for this workshop
Scissors congruences, algebraic K-theory and Steinberg modules
American Institute of Mathematics, Pasadena, California
Cary Malkiewich, Jeremy Miller, Mona Merling, and Jenny Wilson
This workshop, sponsored by AIM and the NSF, will be devoted to connections between scissors congruence K-theory and Steinberg modules. Scissors congruence is the study of when objects such as polyhedra, manifolds, varieties, etc. are equivalent under decomposition into pieces. In the last decade, the introduction of K-theoretic constructions in the study of scissors congruence problems by Campbell and Zakharevich has seen exciting applications and opened new avenues of attack on this problem. Generalizing results for classical scissors congruence groups, Malkiewich showed that scissors congruence groups can be described as group homology with coefficients in Steinberg modules. Steinberg modules are certain representations that are relevant to the study of representations of linear groups, algebraic K-theory, and the cohomology of arithmetic groups. The goal of the workshop is to bring together researchers studying scissors congruence K-theory and as well as Steinberg modules, in order to explore interactions between the two fields.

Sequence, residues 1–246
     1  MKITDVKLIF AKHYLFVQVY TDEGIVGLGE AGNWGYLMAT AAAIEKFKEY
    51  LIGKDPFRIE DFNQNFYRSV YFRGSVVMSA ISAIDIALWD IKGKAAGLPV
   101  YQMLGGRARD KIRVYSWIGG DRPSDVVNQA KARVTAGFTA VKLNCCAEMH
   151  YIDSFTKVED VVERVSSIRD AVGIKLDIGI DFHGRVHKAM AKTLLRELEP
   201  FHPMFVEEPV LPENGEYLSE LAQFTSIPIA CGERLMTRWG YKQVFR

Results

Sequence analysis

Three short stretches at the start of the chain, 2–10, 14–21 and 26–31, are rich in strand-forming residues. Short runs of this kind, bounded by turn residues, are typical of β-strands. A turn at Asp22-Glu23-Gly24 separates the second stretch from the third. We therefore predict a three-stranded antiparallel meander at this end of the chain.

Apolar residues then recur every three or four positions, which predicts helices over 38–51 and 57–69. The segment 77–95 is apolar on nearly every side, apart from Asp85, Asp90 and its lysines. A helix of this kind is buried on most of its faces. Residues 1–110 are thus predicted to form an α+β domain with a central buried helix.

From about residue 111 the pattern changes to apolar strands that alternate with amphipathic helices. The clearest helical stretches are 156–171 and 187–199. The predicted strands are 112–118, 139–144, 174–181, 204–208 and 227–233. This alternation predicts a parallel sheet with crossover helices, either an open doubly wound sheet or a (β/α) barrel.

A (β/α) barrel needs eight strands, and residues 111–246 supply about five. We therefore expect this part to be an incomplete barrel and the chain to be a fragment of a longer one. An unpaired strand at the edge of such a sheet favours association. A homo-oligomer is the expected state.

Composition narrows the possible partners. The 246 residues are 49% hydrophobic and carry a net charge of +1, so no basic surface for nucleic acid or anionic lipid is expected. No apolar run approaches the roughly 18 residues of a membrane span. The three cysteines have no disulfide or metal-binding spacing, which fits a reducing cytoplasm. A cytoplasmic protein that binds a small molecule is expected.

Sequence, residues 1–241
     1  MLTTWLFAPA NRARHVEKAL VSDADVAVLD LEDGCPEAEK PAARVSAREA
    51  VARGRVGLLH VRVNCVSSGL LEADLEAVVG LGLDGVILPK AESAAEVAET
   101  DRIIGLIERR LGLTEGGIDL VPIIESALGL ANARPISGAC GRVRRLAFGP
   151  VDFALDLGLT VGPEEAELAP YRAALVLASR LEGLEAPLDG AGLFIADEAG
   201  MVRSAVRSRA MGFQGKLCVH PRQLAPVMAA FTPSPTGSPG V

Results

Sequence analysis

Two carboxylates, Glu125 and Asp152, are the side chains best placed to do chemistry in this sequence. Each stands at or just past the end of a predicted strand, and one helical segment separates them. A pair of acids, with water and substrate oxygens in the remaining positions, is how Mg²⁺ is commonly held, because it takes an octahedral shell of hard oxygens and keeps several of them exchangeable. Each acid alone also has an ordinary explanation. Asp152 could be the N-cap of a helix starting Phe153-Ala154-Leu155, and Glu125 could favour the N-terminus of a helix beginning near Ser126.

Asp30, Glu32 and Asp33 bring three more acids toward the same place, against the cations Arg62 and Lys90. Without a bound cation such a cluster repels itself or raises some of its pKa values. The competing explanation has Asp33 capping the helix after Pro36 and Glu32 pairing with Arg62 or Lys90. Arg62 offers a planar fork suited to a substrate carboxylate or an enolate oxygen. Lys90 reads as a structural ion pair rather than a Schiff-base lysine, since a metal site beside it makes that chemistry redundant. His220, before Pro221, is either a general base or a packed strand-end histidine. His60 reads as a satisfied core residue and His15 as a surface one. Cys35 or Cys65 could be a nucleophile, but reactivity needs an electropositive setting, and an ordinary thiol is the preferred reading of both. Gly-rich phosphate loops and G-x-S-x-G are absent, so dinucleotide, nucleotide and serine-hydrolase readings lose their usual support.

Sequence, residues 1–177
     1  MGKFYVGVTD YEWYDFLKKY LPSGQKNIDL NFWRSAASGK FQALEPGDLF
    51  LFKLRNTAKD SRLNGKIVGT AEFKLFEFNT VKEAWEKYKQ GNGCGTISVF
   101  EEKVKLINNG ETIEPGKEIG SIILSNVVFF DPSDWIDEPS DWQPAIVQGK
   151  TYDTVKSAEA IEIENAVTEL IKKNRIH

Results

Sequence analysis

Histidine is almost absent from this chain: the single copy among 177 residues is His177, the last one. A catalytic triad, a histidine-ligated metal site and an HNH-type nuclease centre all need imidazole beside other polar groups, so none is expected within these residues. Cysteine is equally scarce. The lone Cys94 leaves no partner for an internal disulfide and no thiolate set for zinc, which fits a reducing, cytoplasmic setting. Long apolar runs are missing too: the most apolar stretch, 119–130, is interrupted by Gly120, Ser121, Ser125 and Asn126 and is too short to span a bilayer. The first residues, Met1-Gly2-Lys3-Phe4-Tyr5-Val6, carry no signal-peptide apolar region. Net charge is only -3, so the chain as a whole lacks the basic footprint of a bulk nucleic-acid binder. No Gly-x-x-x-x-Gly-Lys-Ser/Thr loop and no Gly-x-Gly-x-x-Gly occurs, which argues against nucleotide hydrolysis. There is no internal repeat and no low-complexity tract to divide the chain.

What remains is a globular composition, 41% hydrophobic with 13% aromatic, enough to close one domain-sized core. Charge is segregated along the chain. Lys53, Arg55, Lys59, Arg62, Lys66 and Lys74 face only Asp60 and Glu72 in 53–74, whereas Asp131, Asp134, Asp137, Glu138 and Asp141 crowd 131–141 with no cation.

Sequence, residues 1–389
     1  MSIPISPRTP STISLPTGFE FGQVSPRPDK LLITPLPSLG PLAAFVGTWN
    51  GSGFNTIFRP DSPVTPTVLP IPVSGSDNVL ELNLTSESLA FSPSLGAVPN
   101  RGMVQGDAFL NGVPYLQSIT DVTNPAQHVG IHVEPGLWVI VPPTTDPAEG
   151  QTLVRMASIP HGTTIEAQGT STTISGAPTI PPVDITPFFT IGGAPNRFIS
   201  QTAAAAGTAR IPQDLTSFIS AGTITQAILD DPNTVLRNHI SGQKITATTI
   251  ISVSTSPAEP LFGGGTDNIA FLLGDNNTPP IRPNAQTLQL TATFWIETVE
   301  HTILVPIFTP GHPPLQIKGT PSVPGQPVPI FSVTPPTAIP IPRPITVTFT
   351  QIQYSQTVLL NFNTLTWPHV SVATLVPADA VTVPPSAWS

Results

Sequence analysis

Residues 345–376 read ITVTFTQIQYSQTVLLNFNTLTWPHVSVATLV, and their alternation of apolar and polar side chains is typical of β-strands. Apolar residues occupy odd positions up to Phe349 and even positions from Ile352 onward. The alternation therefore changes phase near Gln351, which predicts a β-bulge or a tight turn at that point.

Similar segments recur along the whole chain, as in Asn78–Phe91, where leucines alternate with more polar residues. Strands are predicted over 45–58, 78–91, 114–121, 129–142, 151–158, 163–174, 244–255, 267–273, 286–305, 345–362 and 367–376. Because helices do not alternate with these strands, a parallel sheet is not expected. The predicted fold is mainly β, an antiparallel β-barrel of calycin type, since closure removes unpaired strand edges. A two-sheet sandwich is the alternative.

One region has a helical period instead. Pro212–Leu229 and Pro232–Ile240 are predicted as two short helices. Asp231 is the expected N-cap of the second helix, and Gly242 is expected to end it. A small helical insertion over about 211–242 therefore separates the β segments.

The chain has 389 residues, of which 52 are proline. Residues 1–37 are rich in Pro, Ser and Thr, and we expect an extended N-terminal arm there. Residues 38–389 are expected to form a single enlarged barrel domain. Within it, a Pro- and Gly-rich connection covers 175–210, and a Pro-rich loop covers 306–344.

The main topics for the workshop are:
- Scissors congruence K-theory
- Resolutions of Steinberg modules
- (Co)algebraic structures of Steinberg modules and scissors congruence spectra
- Connections with more classical forms of K-theory
This event will be run as an AIM-style workshop. Participants will be invited to suggest open problems and questions before the workshop begins, and these will be posted on the workshop website. These include specific problems on which there is hope of making some progress during the workshop, as well as more ambitious problems which may influence the future activity of the field. Lectures at the workshop will be focused on familiarizing the participants with the background material leading up to specific problems, and the schedule will include discussion and parallel working sessions.
Space and funding is available for a few more participants. If you would like to participate, please apply by filling out the on-line form no later than February 15, 2024. Applications are open to all, and we especially encourage women, underrepresented minorities, junior mathematicians, and researchers from primarily undergraduate institutions to apply.
Before submitting an application, please read the description of the AIM style of workshop.
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